In England, recent Centre for Mental Health well-being modelling has predicted that up to 10 million people— 20% of the population—will need either new or additional mental health support, including for depression, anxiety or post-traumatic stress disorders as a direct result of the crisis. Some 1.5 million of them will be children and young people aged under 18. With some hospital A&E departments reporting that they are now seeing daily cases of children self-harming, and with a senior clinician reporting yesterday in the Health Service Journal that there is “no capacity anywhere” to deal with the unprecedented surge in admissions of children with mental health problems, it is clear that the current system, which was already under strain before the pandemic, simply will not cope.

I end by paying tribute to the NHS workforce. People have been working flat out for a year now. Their dedication, professionalism and personal sacrifice have inspired the whole nation, but vacancies stood at over 100,000 before the pandemic. The NHS is now facing a huge backlog of operations with an exhausted workforce, many of whom are suffering from burnout, and increasing levels of sickness absence.

I recently had the privilege of speaking to two senior nurses working in London intensive care units. They told me that what they wanted more than anything was time off for recovery and additional nurses to provide pre-pandemic levels of patient care, as well as tangible recognition of the value of the work they are doing. With the Scottish Government now offering a 4% pay rise to nurses alongside a £500 thank you payment, can the Minister say what plans the Government have to think again about this issue and ensure that nurses south of the border get the pay rise they so richly deserve?

My Lords, it is a pleasure to follow the noble Baroness, Lady Tyler, and to support her tribute to NHS staff and her question about pay.

I begin with a very important question of democracy affecting the operations of your Lordships’ House and the conduct of this debate. I refer to an article published yesterday in the Huffington Post, titled “Consultants Deloitte Paid To Draft Ministers’ Parliamentary Answers On Test And Trace”. It reports on a series of contracts worth £323 million to “support” the Department of Health and Social Care and the national testing programme—contracts held by the consultant Deloitte. The report says that the contracts include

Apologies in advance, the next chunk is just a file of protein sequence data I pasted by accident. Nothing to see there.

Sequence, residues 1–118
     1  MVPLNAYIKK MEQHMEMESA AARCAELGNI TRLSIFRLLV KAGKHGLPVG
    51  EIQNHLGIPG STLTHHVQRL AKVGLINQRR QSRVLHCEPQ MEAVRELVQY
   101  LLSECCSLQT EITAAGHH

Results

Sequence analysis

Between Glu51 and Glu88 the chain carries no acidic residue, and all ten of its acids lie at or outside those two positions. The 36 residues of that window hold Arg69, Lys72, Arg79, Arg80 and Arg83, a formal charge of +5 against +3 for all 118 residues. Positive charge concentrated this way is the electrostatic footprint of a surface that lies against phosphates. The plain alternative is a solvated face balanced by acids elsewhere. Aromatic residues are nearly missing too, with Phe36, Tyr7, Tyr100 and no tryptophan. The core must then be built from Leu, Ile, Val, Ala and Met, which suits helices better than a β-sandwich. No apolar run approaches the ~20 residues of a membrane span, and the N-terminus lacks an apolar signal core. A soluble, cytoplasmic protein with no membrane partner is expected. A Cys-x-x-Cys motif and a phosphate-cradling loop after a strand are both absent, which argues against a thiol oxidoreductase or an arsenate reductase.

“help provided with PR and communications, with a requirement to ‘draft and respond to parliamentary questions, Freedom of Information requests, media queries and other reactive requests’ and to ‘support lines to take and Q&A’s in anticipation of queries’.”

My question to the Minister is simple: does he consider this appropriate? Should a private contractor be drafting and providing ministerial answers at all? In particular, should a private contractor be drafting ministerial answers on work that it is engaged in, especially when it is marking its own homework—this is Deloitte drafting answers for the Government about the work of Deloitte? Is it achieving results in drafting answers to questions similar to the disastrous outcomes of test and trace? I ask this specifically, given that my honourable friend the Member for Brighton Pavilion is still waiting for an Answer to a Written Question in the other place, numbered 149740, which names Deloitte and which was tabled on 5 February, concerning the work of test and trace in her constituency. Will the Government next be relying on Heathrow Airport to draft answers on aviation, or on the China General Nuclear Power Group to supply answers on energy policy, or on Bayer to give the ministerial view on GMO crops? Today’s debate is not focused on test and trace specifically, but perhaps the Minister could tell how us whether any of the answers that he has in his folder have been drafted by Deloitte consultants.

To be clear, of course I am not saying that civil servants should not consult outside experts. If there is a technical question from your Lordships’ House, a civil servant consulting an expert, including an industry expert, is obviously reasonable. The question is where the direction and guidance are coming from. Has that been privatised, as so much else has? For the information of the Minister, I note that in the other place, this morning, the Minister for Implementation said that she would be looking into the Deloitte contracts, but this is also a specific matter of concern for your Lordships’ House, given that it directly affects our proceedings.